American bittersweet Celastraceae Celastrus
scandens L. symbol: CESC
Leaf: Alternate, simple, elliptical to ovate, pointed tip, 2 to 5 inches long, finely serrated, somewhat rounded teeth.
Flower: Inconspicuous, pale yellowish-green, in terminal clusters, appearing in late spring.
Fruit: Very attractive, capsules in clusters which when opened expose a bright orange seed surrounded by orange scales, 1/3 inch across; ripen in the fall and are visible throughout the winter.
Twig: Twiny, light brown, with small pointy buds at nearly right angles to the stems. No tendrils or aerial roots present.
Bark: Brown, initially smooth, later corky with diamond-shaped patterns, much later becomes finely scaly.
Form: Climbing vine, with an open, spiraling pattern. Forms dense thickets along fences. Some stems may become several inches in diameter.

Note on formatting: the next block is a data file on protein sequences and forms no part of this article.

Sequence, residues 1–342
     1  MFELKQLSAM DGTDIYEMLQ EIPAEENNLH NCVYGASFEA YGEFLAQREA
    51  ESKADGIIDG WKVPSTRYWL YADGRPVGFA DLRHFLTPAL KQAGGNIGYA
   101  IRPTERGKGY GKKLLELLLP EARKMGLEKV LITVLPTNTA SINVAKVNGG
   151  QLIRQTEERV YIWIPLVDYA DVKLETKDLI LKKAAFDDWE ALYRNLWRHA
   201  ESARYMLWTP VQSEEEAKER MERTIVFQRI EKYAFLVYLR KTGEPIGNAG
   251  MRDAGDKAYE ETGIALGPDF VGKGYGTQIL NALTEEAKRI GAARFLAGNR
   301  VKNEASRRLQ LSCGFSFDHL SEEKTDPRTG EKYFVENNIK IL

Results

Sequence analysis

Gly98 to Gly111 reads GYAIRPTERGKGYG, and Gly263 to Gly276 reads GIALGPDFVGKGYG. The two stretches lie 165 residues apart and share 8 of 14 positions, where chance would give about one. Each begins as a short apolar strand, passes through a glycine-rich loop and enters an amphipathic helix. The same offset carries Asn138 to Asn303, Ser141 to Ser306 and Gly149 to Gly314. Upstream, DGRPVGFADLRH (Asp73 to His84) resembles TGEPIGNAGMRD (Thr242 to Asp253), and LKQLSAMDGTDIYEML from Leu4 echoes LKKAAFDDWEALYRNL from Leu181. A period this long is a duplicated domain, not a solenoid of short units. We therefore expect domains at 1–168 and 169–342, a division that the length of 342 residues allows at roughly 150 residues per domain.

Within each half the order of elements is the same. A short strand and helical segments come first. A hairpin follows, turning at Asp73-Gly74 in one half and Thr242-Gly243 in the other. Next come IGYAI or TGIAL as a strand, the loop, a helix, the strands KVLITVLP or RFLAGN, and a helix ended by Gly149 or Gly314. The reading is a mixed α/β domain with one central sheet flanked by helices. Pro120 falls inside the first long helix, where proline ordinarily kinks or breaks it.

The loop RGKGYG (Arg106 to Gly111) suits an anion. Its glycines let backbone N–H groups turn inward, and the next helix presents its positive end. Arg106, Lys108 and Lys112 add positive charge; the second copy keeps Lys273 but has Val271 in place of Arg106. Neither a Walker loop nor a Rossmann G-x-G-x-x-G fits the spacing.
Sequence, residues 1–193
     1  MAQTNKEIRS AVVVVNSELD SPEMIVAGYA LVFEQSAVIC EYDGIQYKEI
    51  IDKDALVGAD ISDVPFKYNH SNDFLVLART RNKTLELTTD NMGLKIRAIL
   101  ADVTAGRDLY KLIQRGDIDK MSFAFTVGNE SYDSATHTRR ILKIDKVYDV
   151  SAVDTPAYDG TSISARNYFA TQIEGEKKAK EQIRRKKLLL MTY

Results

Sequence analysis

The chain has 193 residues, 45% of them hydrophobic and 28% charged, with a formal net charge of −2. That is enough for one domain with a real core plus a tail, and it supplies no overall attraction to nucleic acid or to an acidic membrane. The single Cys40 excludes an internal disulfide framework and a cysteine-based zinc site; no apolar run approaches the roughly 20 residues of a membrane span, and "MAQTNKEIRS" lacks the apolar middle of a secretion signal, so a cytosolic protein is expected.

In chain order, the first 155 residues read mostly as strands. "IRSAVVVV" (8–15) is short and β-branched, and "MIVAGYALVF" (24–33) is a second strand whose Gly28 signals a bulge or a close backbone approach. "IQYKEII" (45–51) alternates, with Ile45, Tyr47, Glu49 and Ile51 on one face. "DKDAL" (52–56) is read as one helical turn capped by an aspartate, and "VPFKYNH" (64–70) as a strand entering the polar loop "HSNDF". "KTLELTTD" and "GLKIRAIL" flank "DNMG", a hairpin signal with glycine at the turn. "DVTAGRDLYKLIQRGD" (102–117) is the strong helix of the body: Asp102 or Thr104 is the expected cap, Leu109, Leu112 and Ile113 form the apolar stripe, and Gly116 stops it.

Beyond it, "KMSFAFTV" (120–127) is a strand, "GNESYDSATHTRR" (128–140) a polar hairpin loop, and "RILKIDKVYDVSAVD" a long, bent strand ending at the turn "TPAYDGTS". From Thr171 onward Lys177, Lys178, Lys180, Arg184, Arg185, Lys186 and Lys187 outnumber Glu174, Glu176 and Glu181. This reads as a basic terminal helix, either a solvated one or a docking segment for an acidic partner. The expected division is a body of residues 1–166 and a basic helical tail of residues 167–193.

Looks like: Oriental bittersweet - Japanese honeysuckle - supplejack - Dutchman's pipe
Additional Range Information: Celastrus scandens is native to North America. Range may be expanded by planting.
External Links: USDA Plants Database
All material © 2018 Virginia Tech Dept. of Forest Resources and Environmental Conservation; Photos and text by: John Seiler, Edward Jensen, Alex Niemiera, and John Peterson; Silvics reprinted from Ag Handbook 654; range maps courtesy USGS from USDA "Atlas of United States Trees" by Elbert L. Little, Jr., Vol. 1 (1971) 3 (1976) 4 (1977) 5 (1978)